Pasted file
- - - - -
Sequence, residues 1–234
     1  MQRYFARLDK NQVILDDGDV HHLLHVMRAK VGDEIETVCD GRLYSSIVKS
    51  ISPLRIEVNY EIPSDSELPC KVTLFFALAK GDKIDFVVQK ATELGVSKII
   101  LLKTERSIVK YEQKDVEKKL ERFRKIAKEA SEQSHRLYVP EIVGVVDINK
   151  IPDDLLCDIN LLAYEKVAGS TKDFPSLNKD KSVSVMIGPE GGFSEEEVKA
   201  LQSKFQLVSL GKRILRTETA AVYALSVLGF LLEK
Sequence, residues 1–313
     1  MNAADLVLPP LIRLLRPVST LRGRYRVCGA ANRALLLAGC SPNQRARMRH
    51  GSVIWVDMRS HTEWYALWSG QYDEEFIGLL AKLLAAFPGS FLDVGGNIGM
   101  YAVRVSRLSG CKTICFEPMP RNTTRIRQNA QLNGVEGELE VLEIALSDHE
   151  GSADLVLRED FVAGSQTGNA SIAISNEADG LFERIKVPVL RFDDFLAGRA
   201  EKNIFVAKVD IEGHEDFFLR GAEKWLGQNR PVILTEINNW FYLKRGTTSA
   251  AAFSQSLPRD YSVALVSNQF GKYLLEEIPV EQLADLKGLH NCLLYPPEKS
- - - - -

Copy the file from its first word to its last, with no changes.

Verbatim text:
Sequence, residues 1–234
     1  MQRYFARLDK NQVILDDGDV HHLLHVMRAK VGDEIETVCD GRLYSSIVKS
    51  ISPLRIEVNY EIPSDSELPC KVTLFFALAK GDKIDFVVQK ATELGVSKII
   101  LLKTERSIVK YEQKDVEKKL ERFRKIAKEA SEQSHRLYVP EIVGVVDINK
   151  IPDDLLCDIN LLAYEKVAGS TKDFPSLNKD KSVSVMIGPE GGFSEEEVKA
   201  LQSKFQLVSL GKRILRTETA AVYALSVLGF LLEK
Sequence, residues 1–313
     1  MNAADLVLPP LIRLLRPVST LRGRYRVCGA ANRALLLAGC SPNQRARMRH
    51  GSVIWVDMRS HTEWYALWSG QYDEEFIGLL AKLLAAFPGS FLDVGGNIGM
   101  YAVRVSRLSG CKTICFEPMP RNTTRIRQNA QLNGVEGELE VLEIALSDHE
   151  GSADLVLRED FVAGSQTGNA SIAISNEADG LFERIKVPVL RFDDFLAGRA
   201  EKNIFVAKVD IEGHEDFFLR GAEKWLGQNR PVILTEINNW FYLKRGTTSA
   251  AAFSQSLPRD YSVALVSNQF GKYLLEEIPV EQLADLKGLH NCLLYPPEKS